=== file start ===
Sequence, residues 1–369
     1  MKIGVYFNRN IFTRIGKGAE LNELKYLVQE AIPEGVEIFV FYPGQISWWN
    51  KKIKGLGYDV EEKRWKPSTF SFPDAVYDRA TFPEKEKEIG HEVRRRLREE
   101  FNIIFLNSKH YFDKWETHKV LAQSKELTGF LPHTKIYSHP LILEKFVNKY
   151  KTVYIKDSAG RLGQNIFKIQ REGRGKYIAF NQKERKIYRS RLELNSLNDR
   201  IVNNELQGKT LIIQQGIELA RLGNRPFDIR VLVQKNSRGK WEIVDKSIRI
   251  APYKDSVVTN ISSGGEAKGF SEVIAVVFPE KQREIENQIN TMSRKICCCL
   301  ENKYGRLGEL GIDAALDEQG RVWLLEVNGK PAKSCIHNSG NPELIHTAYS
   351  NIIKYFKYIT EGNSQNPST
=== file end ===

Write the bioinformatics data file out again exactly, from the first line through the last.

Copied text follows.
Sequence, residues 1–369
     1  MKIGVYFNRN IFTRIGKGAE LNELKYLVQE AIPEGVEIFV FYPGQISWWN
    51  KKIKGLGYDV EEKRWKPSTF SFPDAVYDRA TFPEKEKEIG HEVRRRLREE
   101  FNIIFLNSKH YFDKWETHKV LAQSKELTGF LPHTKIYSHP LILEKFVNKY
   151  KTVYIKDSAG RLGQNIFKIQ REGRGKYIAF NQKERKIYRS RLELNSLNDR
   201  IVNNELQGKT LIIQQGIELA RLGNRPFDIR VLVQKNSRGK WEIVDKSIRI
   251  APYKDSVVTN ISSGGEAKGF SEVIAVVFPE KQREIENQIN TMSRKICCCL
   301  ENKYGRLGEL GIDAALDEQG RVWLLEVNGK PAKSCIHNSG NPELIHTAYS
   351  NIIKYFKYIT EGNSQNPST